existed in something like their present form more than seventy million years ago. Beside this, prehistoric man looks technologically primitive. Is this then some kind of intelligence, albeit of a different kind?
Research conducted at Oxford, Sussex and Zurich Universities has shown that when desert ants return from a foraging trip, they navigate by integrating bearings and distances , which they continuously update in their heads. They combine the evidence of visual landmarks with a mental library of local directions, all within a framework which is consulted and updated. So ants can learn too.
And in a twelve-year programme of work, Ryabko and Reznikova have found evidence that ants can transmit very complex messages. Scouts who had located food in a maze returned to mobilise their foraging teams. They engaged in contact sessions, at the end of which the scout was removed in order to observe what her team might do. Often the foragers proceeded to the exact spot in the maze where the food had been. Elaborate precautions were taken to prevent the foraging team using odour clues . Discussion now centres on whether the route through the maze is communicated as a 'left-right' sequence of turns or as a ‘compass bearing and distance’ message.
During the course of this exhaustive study, Reznikova has grown so attached to her laboratory ants that she feels she knows them as individuals - even without the paint spots used to mark them. It’s no surprise that Edward Wilson, in his essay, ‘In the company of ants’, advises readers who ask what to do with the ants in their kitchen to: ‘Watch where you step. Be careful of little lives.'
* aphids: small insects of a different species from ants
Study of the origins and distribution of human populations used to be based on archaeological and fossil evidence. A number of techniques developed since the 1950s, however, have placed the study of these subjects on a sounder and more objective footing . The best information on early population movements is now being obtained from the 'archaeology of the living body', the clues to be found in genetic material.
Recent work on the problem of when people first entered the Americas is an example of the value of these new techniques. North-east Asia and Siberia have long been accepted as the launching ground for the first human colonisers of the New World’. But was there one major wave of migration across the Bering Strait into the Americas, or several? And when did this event, or events, take place? In recent years, new clues have come from research into genetics, including the distribution of genetic markers in modern Native Americans 1 2 .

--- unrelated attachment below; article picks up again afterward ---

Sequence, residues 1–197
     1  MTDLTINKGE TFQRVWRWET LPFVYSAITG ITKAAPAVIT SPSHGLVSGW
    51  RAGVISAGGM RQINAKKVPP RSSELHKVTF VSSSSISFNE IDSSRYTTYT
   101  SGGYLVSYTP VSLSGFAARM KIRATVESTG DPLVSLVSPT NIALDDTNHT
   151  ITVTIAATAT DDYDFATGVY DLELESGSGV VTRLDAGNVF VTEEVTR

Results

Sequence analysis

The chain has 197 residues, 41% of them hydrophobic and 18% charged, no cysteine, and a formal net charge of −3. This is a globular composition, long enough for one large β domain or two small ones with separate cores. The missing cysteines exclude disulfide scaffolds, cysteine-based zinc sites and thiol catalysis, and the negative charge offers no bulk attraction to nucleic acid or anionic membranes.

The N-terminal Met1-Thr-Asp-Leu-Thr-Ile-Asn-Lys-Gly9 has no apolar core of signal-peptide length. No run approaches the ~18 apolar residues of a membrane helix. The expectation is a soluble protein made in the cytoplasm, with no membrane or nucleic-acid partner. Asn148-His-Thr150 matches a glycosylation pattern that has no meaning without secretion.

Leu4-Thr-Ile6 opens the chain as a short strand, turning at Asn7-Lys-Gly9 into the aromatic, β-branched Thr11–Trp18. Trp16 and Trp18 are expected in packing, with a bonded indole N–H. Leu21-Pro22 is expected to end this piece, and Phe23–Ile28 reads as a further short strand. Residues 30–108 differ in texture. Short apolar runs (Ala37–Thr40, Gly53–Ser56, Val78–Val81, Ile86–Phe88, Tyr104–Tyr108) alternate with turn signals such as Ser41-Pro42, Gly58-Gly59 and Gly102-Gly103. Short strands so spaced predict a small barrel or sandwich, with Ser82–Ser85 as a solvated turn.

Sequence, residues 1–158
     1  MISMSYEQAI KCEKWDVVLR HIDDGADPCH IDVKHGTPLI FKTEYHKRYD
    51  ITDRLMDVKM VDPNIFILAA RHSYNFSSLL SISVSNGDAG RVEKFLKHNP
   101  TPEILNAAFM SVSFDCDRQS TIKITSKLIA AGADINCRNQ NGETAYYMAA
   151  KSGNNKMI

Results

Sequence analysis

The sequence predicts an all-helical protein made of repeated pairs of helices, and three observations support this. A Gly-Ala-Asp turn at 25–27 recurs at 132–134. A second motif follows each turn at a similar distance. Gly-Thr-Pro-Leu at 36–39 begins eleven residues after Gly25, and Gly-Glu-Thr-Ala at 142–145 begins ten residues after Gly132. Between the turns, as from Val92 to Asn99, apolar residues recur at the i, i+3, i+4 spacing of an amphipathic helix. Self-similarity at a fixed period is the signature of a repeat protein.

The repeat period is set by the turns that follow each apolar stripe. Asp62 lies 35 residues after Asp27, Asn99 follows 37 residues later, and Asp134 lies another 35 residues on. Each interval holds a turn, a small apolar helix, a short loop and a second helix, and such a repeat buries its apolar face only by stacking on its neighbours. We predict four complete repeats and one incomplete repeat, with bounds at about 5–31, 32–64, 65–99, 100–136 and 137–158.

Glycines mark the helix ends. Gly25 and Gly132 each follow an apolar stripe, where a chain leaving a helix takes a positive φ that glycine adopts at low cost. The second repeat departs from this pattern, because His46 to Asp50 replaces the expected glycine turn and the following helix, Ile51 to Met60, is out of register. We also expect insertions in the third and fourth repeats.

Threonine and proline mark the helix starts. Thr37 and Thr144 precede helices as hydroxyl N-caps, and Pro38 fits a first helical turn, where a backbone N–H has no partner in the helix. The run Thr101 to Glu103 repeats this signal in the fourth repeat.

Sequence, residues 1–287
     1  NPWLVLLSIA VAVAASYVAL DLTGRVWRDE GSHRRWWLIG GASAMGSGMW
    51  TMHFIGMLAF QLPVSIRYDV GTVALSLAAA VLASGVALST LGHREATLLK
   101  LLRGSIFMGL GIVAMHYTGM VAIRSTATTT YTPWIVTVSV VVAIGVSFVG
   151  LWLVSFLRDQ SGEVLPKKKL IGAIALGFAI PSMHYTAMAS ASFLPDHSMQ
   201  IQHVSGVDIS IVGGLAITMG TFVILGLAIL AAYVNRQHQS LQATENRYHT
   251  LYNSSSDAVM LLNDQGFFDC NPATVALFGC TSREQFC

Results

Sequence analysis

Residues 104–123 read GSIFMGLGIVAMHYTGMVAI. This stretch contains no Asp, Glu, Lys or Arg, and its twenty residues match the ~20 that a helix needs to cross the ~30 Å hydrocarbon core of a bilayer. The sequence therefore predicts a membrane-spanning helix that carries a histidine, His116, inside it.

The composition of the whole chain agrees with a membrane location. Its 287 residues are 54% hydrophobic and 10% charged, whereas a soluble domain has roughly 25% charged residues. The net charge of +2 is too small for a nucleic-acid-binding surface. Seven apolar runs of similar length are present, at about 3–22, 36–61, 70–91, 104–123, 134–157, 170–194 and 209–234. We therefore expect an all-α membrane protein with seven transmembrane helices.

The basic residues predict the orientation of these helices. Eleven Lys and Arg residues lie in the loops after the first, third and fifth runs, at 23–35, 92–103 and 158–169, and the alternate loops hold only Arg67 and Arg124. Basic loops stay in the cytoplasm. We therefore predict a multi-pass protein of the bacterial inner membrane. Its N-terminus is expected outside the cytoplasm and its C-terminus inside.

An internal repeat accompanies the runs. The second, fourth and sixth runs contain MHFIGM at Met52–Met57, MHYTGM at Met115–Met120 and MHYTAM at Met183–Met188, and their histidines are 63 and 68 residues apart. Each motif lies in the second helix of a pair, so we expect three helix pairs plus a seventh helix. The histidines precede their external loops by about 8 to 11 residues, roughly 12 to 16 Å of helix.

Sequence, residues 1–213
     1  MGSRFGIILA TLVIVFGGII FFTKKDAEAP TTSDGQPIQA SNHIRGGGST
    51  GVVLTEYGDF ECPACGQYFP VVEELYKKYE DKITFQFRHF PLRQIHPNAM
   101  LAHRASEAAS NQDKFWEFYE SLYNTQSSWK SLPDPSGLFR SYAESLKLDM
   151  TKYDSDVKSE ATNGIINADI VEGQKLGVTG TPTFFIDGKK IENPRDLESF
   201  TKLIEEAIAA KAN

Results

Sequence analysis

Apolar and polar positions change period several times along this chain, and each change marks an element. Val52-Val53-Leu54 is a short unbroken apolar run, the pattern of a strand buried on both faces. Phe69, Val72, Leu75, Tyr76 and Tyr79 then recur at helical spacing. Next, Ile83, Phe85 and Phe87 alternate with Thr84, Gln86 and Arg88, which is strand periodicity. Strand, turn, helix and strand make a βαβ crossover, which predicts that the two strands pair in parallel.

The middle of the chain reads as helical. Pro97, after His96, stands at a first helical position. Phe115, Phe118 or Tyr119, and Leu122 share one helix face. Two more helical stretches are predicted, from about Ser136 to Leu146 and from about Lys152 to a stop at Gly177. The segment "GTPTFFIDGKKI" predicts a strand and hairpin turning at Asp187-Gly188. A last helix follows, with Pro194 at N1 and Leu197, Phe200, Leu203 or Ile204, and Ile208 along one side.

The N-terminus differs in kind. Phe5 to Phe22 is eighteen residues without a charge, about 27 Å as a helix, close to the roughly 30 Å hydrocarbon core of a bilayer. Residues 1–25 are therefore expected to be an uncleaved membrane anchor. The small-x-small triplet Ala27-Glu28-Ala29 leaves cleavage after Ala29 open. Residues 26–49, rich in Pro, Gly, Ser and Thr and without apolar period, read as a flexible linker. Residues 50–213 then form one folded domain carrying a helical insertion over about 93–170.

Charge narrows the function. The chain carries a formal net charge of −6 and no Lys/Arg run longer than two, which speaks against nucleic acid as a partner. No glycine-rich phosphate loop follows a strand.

An important project, led by the biological anthropologist Robert Williams, focused on the variants (called Gm allotypes) of one particular protein - immunoglobin G - found in the fluid portion of human blood . All proteins 'drift', or produce variants, over the generations, and members of an interbreeding human population will share a set of such variants. Thus, by comparing the Gm allotypes of two different populations (e.g. two Indian tribes), one can establish their genetic 'distance', which itself can be calibrated to give an indication of the length of time since these populations last interbred .
Williams and his colleagues sampled the blood of over 5,000 American Indians in western North America during a twenty-year period. They found that their Gm allotypes could be divided into two groups, one of which also corresponded to the genetic typing of Central and South American Indians. Other tests showed that the Inuit (or Eskimo) and Aleut 3 formed a third group . From this evidence it was deduced that there had been three major waves of migration across the Bering Strait. The first, Paleo-lndian, wave more than 15,000 years ago was ancestral to all Central and South American Indians . The second wave, about 14,000-12,000 years ago, brought Na-Dene hunters, ancestors of the Navajo and Apache ( who only migrated south from Canada about 600 or 700 years ago ). The third wave, perhaps 10,000 or 9,000 years ago, saw the migration from North-east Asia of groups ancestral to the modern Eskimo and Aleut.